Focus Policy Blog
George E. Curry, journalist and champion of the Black press, died this Saturday at the age of 69. Curry was the founding editor of Emerge Magazine and had written for various publications across the country.
“In losing George, we lost a giant in journalism, policy, and politics,” said Joint Center President Spencer Overton. When he passed, Curry was working on rebuilding an online version of Emerge.In December 2015, Curry invited Overton to join an Advisory Board for the new Emerge, which Overton quickly accepted.”George’s work on Emerge during the 1990s continues to shape our nation’s policies today,” said Overton. “The Emerge cover story on the sentencing of Kemba Smith is just one example. Emerge put a human face on the toll of excessive sentencing laws. As a result of this early exposure in Emerge, a movement grew, which led to Congress reducing some of the disparity between crack and cocaine sentencing. Also due to this early work, we now are having a real debate about the value of mandatory minimums, and Congress may pass sentencing reforms in the near future.”
Curry graduated from Knoxville College in 1970 and went on to become the second African-American to work at Sports Illustrated . He worked for numerous newspapers including The St. Louis Post-Dispatch and the Chicago Tribune. Curry also co-founded the Greater St. Louis Association of Black Journalists, and was the first African-American president of the American Society of Magazine Editors. In 2003, Curry was named Journalist of the Year by the National Association of Black Journalists and was on their list of Most Influential Black Journalists of the 20th Century. He regularly wrote on the Joint Center’s work, such as its report on the political status of elected officials and voters of color after 50 years of the Voting Rights Act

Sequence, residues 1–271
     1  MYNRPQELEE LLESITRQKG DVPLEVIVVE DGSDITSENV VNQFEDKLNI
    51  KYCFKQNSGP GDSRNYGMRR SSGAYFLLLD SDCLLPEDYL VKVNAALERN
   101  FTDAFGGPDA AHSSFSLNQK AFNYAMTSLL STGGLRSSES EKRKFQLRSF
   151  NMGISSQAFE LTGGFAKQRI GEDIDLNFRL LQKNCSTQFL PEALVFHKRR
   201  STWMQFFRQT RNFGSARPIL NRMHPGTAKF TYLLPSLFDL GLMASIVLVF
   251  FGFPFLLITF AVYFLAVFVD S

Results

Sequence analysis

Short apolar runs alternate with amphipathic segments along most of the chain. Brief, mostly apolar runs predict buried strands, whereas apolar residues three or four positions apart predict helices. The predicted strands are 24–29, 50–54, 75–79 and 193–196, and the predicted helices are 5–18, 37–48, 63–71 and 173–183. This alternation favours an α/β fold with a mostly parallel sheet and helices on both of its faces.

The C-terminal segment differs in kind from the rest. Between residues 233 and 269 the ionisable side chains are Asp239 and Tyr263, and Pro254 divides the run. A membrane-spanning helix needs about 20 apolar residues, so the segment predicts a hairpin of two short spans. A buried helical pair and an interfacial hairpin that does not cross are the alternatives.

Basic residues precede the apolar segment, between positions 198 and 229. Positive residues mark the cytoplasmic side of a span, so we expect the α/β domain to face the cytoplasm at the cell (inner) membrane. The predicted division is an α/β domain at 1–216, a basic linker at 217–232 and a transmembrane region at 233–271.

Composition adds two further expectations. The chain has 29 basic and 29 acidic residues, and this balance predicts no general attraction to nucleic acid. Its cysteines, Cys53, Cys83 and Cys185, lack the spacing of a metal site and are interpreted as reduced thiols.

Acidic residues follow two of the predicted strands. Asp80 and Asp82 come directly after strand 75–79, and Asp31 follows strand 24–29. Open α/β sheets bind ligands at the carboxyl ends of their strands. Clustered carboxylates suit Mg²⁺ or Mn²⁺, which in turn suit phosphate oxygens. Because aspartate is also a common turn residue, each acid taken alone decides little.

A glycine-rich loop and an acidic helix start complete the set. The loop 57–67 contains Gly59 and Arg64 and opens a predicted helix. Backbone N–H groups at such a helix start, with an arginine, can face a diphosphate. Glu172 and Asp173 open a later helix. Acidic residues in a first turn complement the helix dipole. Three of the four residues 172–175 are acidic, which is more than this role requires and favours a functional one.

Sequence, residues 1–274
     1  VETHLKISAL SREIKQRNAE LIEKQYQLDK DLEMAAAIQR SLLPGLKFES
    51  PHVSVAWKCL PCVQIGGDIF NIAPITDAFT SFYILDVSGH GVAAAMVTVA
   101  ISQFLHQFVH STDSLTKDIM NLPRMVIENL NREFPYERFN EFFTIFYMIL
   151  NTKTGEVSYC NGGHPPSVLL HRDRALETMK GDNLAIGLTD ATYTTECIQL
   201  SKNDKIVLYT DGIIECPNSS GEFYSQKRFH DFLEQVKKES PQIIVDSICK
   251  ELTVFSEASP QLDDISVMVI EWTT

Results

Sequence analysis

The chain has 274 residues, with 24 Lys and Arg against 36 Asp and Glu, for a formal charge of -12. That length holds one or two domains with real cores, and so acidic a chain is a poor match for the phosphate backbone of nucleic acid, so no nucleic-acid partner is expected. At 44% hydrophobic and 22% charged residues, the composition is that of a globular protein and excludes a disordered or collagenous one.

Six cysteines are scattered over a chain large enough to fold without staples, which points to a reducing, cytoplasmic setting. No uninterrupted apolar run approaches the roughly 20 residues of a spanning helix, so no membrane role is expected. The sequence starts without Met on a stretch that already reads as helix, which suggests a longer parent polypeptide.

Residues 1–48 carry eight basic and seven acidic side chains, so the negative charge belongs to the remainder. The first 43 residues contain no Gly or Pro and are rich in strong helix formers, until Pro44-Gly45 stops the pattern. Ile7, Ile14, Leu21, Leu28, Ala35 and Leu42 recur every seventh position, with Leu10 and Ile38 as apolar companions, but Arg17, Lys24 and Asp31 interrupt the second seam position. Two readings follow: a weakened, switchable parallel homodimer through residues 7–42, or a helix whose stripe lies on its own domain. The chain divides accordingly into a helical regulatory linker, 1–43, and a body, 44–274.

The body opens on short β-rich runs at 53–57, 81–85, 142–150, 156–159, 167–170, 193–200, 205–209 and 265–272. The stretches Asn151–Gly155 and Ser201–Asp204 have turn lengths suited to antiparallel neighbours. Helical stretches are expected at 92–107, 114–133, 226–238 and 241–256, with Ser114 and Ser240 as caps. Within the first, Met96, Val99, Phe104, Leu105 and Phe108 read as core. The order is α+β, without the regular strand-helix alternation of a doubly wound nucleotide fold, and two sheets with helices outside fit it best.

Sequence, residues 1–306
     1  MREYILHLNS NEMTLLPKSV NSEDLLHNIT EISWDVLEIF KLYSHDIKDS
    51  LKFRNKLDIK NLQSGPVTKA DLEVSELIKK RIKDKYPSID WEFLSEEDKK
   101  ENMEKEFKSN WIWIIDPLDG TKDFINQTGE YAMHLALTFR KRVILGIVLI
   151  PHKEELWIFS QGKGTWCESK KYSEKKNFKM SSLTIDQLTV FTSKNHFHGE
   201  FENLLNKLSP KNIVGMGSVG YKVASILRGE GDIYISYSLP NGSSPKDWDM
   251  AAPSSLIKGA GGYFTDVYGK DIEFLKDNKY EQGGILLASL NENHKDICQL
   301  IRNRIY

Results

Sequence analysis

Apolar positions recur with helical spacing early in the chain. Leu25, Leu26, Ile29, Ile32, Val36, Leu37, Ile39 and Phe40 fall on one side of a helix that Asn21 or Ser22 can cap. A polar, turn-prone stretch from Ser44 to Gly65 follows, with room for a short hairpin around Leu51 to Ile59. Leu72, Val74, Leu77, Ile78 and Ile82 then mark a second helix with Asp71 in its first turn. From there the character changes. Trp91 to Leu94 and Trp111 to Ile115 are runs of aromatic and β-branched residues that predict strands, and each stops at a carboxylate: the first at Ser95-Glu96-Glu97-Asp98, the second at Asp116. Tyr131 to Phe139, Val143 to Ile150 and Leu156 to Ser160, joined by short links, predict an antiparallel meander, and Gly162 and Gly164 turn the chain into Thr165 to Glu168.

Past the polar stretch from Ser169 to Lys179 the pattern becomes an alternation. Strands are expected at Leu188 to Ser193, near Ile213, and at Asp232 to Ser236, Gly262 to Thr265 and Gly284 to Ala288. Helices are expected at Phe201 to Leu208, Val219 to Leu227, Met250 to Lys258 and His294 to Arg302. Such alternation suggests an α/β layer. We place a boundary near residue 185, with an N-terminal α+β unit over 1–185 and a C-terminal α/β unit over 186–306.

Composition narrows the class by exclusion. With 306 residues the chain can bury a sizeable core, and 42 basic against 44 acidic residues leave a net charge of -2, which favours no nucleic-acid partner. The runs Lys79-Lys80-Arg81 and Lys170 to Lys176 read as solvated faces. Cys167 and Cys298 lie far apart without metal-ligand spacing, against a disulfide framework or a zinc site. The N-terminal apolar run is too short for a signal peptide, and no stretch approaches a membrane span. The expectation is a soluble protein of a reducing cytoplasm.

“Perhaps most important was the impact George had in shaping a whole generation of today’s African-American journalists, elected officials, policymakers, and scholars,” said Overton. “In the 1990s, when many of us were in school or just starting our careers, Emerge validated those of us interested in politics. It educated us and helped teach us how to think, and it also affirmed and encouraged our interests in policy. Commitment to the African-American community and Black institutions, quality writing, truth, and integrity were all values instilled in us at a formative period in our lives by George through Emerge.”
“Throughout his life George always supported and mentored those behind him, and I am fortunate to be one of the many,” said Overton.
Click on the following links for statements by Freddie Allen, Congressional Black Caucus Chair G.K. Butterfield (D-NC), Denise Rolark Barnes, Cloves Campbell, Dr. Benjamin Chavis, Hillary Clinton, Kenneth J. Cooper, James Farmer, Sarah Glover, Ed Gordon, Reverend Jesse Jackson, Benjamin Jealous, Bernard Lafayette, Dorothy R. Leavell, Roland Martin, April Ryan, Rev. Al Sharpton, A. Shuanise Washington, Kemba Smith, Charles Steele, DeWayne Wickham, and Phill Wilson in obituaries in the Associated Press, CBCF, Chicago Tribune, Jet Magazine, Journal-sims, The Mississippi Link, NABJ, NewsOne, NowNew Pittsburgh Courier, The Root, The Sacramento Observer, St. Louis Post-Dispatch, and Trice Edney News Wire
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The funeral will be held at 11 a.m. Aug. 27, at the Weeping Mary Baptist Church in Tuscaloosa, Ala. Rev. Al Sharpton will give the eulogy. A viewing is set for 8:30-11 a.m. before the funeral.